Crm in Supermarkets

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EB 2003-02 February 2003 FOOD INDUSTRY MANAGEMENT CORNELL U N I V E R S I T Y Customer Relationship Marketing (CRM) in the U.S. Supermarket Industry: Current Status and Prospects Gerard F. Hawkes Senior Extension Associate Food Industry Management Program Department of Applied Economics and Management College of Agriculture and Life Sciences Cornell University, Ithaca, NY 14853-7801 Teaching • Research • Executive Education IT IS THE POLICY OF CORNELL UNIVERSITY actively to support equality of educational and employment opportunity. No person shall be denied admission to any educational program or activity or be denied employment on the basis of any legally prohibited discrimination involving, but not limited to, such…show more content…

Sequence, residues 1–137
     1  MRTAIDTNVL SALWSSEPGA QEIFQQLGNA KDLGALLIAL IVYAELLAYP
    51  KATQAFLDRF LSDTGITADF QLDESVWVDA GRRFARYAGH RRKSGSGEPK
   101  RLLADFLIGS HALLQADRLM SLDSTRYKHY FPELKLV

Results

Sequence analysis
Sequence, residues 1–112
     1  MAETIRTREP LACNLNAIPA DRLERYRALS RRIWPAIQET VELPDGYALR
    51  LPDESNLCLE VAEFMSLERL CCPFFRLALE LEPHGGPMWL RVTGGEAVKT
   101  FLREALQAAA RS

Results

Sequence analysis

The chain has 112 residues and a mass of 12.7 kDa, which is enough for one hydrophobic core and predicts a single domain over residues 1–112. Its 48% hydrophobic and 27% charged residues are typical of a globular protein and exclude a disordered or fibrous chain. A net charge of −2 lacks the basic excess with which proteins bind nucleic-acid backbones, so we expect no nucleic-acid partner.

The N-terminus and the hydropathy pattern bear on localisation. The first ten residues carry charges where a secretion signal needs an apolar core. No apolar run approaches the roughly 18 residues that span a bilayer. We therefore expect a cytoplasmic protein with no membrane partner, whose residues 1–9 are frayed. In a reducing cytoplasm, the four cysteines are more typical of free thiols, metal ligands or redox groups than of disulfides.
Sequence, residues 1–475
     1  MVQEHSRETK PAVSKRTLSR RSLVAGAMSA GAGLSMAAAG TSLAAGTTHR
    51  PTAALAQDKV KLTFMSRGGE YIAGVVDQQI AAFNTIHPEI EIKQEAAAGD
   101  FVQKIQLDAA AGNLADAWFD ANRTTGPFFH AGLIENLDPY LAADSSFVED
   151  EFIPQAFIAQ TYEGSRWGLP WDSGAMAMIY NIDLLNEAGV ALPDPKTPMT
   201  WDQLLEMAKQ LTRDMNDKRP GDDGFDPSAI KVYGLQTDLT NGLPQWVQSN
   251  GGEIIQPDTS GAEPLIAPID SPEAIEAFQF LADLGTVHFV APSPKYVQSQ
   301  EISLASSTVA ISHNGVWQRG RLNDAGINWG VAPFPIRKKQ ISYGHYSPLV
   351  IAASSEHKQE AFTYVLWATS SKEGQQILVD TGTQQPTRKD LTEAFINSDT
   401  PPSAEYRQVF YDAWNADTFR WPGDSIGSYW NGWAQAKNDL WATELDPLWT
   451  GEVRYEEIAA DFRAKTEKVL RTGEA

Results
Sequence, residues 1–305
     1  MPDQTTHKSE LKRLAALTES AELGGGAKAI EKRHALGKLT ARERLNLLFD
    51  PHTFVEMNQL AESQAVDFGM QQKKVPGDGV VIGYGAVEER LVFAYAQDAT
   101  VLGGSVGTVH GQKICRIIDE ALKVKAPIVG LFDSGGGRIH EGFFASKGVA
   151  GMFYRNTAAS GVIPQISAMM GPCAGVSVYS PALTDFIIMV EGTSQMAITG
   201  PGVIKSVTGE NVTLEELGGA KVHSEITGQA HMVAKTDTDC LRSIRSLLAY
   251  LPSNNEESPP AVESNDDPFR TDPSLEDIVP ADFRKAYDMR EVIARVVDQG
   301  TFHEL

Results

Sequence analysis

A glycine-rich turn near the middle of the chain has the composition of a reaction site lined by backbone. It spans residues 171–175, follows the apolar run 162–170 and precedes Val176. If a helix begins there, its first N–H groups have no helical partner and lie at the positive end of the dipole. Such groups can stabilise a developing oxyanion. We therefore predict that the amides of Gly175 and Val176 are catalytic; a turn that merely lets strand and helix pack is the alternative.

Even though the underlying premise of CRM is that loyal customers are less price sensitive, contributing to their potential higher profitability, the major benefit offered by retailers and perceived by consumers in frequent shopper programs is price discounts. While retailers surveyed reported very positive results from their CRM Programs (e.g. increased transactions, shopping frequency, transaction size, overall sales, gross margin, net profit, and return on marketing investment), some of these trends are counterintuitive, perhaps reflecting the misuse of price discounts and other tactics that undermine CRM’s foundation. Fast-paced lifestyles limit the appetite of most consumers for targeted marketing activities, generally, and, the efforts of supermarket and CPG companies, specifically, are perceived as intrusive for most consumers. The importance of customer service cannot be overemphasized in determining the success or failure of retailer CRM programs. All the technology and analytical skills in the world will not prevent poor customer service from driving customers to competitors. At the same time, the critical role of store employee turnover in the success or failure of customer service
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